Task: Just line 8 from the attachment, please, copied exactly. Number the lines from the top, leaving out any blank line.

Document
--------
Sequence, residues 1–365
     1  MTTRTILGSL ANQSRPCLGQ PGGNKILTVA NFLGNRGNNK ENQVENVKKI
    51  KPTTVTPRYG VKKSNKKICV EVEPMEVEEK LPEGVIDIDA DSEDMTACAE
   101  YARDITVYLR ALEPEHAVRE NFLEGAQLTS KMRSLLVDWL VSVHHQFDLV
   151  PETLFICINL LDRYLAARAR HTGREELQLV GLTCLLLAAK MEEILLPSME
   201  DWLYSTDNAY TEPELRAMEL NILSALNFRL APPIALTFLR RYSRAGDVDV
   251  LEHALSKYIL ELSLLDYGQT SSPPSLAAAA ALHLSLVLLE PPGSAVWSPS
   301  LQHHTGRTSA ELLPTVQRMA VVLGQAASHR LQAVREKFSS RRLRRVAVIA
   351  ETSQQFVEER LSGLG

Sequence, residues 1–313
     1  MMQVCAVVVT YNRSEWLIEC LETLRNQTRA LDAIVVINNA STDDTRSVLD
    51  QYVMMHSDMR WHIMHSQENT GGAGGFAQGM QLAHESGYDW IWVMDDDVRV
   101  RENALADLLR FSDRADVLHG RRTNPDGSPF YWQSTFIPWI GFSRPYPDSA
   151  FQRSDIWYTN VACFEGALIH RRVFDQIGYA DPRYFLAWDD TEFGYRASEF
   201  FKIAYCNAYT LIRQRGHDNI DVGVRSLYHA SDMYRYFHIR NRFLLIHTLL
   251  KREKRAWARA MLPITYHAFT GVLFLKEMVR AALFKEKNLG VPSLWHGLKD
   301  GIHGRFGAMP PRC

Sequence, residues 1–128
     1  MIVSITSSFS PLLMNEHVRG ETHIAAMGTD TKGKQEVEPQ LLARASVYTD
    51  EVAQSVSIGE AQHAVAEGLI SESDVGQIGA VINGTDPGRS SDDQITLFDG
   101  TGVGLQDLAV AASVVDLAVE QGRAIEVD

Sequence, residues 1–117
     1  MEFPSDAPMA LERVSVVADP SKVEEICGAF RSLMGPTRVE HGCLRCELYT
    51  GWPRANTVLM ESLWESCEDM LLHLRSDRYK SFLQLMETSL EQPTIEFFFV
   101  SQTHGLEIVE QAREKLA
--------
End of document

   301  LQHHTGRTSA ELLPTVQRMA VVLGQAASHR LQAVREKFSS RRLRRVAVIA